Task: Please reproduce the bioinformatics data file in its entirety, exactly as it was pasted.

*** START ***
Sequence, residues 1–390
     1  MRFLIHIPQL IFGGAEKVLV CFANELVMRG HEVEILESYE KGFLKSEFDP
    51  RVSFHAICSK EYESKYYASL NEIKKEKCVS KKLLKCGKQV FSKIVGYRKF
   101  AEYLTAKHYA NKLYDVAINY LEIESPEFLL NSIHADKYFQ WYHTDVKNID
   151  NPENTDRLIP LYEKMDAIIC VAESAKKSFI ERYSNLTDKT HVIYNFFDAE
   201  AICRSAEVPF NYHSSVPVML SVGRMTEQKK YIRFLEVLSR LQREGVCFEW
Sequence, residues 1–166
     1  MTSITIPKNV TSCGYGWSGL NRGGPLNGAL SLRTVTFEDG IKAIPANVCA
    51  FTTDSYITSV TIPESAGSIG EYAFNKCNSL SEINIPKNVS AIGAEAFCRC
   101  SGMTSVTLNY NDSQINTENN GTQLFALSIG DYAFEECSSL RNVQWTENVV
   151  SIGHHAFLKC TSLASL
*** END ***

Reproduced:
Sequence, residues 1–390
     1  MRFLIHIPQL IFGGAEKVLV CFANELVMRG HEVEILESYE KGFLKSEFDP
    51  RVSFHAICSK EYESKYYASL NEIKKEKCVS KKLLKCGKQV FSKIVGYRKF
   101  AEYLTAKHYA NKLYDVAINY LEIESPEFLL NSIHADKYFQ WYHTDVKNID
   151  NPENTDRLIP LYEKMDAIIC VAESAKKSFI ERYSNLTDKT HVIYNFFDAE
   201  AICRSAEVPF NYHSSVPVML SVGRMTEQKK YIRFLEVLSR LQREGVCFEW
Sequence, residues 1–166
     1  MTSITIPKNV TSCGYGWSGL NRGGPLNGAL SLRTVTFEDG IKAIPANVCA
    51  FTTDSYITSV TIPESAGSIG EYAFNKCNSL SEINIPKNVS AIGAEAFCRC
   101  SGMTSVTLNY NDSQINTENN GTQLFALSIG DYAFEECSSL RNVQWTENVV
   151  SIGHHAFLKC TSLASL